Dalhousie University longs for better reputation

Dalhousie wants to move up into the top 200 schools in the world

Dalhousie students in front of the sign Photo: Takaichi Kogata
Dalhousie students in front of the sign. Photo: Takaichi Kogata

Dalhousie University is aiming for better international recognition, and launching a project to get it now.

In 2010, Dal was in the top 200 of the Times Higher Education ranking, which evaluates colleges all over the world. Recently, however, it has been in the top 250.

The project is recruiting members who can be in charge of it. It is called Inspiration and Impact: Dalhousie Strategic Direction.

“It is very early days in the planning process and we are working as a team to explore this area,” says Mary Jane Jennings, an executive director at Institutional Analysis & Research.

“Dalhousie is one of Canada’s top research universities, conducting $140 million in research in each with hospitals, universities, industry, governments, non-profit agencies and other universities around the globe,” says Dal spokeswoman Nikki Comeau.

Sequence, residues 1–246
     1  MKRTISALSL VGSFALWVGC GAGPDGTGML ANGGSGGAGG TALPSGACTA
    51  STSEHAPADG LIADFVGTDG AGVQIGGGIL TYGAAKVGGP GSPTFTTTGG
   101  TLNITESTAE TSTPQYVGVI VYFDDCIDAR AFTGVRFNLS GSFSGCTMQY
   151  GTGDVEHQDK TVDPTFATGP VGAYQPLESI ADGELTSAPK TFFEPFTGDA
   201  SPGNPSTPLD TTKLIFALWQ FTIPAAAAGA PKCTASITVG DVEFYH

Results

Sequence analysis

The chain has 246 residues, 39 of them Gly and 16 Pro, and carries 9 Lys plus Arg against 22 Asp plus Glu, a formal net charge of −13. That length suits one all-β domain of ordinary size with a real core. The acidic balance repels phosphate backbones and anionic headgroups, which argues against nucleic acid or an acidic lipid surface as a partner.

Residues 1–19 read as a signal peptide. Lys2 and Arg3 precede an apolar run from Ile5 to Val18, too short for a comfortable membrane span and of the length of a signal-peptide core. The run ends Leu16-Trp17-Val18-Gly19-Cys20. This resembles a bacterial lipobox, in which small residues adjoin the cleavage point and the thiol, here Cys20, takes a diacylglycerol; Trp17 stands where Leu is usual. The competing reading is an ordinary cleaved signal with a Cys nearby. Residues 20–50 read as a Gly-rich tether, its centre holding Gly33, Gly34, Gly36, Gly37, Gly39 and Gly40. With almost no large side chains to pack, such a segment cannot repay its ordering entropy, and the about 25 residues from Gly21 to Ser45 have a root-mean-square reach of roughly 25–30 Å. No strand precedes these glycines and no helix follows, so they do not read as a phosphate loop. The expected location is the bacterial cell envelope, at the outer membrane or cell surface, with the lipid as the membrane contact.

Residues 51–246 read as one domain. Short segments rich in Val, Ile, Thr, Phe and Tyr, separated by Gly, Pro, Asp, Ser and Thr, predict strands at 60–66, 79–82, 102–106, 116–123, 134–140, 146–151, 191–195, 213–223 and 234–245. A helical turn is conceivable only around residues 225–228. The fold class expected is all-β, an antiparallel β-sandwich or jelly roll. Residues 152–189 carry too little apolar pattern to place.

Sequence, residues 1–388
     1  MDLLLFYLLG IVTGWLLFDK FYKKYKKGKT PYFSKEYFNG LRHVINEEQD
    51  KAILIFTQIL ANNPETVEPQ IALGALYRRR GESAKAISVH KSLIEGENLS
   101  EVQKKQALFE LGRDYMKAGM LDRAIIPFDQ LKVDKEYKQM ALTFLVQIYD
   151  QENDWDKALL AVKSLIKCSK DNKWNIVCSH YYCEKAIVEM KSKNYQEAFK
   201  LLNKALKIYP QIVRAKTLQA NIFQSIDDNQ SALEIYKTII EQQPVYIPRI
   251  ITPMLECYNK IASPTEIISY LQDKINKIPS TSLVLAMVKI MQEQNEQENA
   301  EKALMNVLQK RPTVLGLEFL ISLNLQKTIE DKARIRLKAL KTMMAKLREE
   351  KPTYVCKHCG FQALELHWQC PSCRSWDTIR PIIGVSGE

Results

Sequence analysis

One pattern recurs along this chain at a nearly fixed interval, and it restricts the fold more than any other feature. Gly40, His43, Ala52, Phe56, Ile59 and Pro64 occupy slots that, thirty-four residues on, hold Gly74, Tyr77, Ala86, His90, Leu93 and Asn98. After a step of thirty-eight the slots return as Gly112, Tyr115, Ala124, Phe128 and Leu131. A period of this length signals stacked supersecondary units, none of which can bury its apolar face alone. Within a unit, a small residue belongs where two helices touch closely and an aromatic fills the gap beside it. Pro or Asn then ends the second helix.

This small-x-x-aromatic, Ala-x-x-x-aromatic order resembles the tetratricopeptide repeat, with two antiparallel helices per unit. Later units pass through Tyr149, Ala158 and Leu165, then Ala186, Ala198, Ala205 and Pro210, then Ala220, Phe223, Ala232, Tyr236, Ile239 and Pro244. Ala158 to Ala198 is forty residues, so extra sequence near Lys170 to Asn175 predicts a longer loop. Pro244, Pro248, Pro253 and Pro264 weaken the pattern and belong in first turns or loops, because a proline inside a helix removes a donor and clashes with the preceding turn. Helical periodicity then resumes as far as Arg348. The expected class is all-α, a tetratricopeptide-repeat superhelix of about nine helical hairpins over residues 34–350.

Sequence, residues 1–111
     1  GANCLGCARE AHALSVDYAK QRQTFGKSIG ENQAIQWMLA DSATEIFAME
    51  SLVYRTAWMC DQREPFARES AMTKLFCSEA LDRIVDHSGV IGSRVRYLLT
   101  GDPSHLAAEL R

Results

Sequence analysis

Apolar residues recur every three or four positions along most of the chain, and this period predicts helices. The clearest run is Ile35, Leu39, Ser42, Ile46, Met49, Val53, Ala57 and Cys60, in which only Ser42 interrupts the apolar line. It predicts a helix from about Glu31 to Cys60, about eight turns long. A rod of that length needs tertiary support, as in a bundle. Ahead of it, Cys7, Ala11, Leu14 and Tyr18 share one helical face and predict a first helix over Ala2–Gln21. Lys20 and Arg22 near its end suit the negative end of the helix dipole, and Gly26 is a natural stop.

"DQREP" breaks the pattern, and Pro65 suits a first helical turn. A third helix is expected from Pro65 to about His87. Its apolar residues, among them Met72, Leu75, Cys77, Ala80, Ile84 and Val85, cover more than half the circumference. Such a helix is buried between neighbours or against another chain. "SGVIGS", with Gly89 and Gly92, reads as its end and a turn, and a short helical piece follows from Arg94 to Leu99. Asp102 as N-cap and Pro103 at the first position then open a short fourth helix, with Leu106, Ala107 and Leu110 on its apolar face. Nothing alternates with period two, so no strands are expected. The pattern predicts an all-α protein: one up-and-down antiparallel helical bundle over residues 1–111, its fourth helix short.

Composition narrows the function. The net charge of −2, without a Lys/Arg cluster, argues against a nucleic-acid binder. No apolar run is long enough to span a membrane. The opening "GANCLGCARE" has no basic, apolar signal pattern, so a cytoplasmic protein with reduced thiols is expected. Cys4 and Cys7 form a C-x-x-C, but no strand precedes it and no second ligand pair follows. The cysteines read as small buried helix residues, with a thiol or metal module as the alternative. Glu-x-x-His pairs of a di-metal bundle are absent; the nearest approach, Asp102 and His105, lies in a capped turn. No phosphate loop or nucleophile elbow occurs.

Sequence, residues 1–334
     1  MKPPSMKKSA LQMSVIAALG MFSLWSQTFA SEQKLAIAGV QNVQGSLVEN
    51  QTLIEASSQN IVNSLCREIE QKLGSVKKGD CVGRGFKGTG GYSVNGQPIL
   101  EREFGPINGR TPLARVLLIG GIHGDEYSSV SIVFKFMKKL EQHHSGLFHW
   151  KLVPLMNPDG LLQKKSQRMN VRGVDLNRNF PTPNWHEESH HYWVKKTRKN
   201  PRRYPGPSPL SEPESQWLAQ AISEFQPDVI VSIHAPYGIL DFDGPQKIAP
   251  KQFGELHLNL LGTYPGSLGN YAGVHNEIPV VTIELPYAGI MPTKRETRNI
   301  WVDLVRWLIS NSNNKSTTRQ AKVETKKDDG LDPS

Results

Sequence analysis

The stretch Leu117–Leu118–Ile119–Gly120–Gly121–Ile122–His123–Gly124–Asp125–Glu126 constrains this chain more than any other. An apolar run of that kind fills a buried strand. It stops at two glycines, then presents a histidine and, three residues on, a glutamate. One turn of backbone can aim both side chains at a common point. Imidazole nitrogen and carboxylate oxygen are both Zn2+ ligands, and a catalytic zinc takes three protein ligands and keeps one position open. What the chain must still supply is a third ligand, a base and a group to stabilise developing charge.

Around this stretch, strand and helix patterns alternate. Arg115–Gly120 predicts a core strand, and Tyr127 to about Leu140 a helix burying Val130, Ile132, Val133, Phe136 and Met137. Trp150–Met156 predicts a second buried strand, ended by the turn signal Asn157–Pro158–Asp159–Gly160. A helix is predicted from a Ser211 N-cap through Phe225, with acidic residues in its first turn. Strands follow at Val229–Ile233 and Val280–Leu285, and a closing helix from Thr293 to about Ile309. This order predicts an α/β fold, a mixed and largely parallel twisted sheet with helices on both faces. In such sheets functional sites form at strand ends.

“Our researchers are world-class and influential in their fields.”

Indeed, Dal is not known well by many people. The university believes there is a gap between its academic achievement and perception.

Kyle Mutrie grew up in Ontario and studied general arts at Waterloo University. Now he is an English teacher in British Columbia. Although he has been living in Canada, he isn’t familiar with Dal.

“I have heard the name before but don’t have any impression or knowledge of it.”

Ikuho Maeda, a Dalhousie student from Japan, didn’t know the school before she considered a transfer from Lethbridge College in Alberta.

“My teacher at my previous college recommend me to go to Dal. He said Dal was known for international studies as well as its law school. But I had never heard the university even though I was in Canada for two years.”

Maeda wants her university to be more famous in the world because she believes it will help her.

“It will be helpful to have had graduated from a renowned university when I try to find my job. Japanese companies do pay attention to where employees have finished their degrees. Moreover, if Dal becomes more reputable like McGill, U of T or UBC, I can be proud of it.”

Dal wants to go back into the Top 200 as a world leading university. The goal is to regain its honour. That is what students hope too.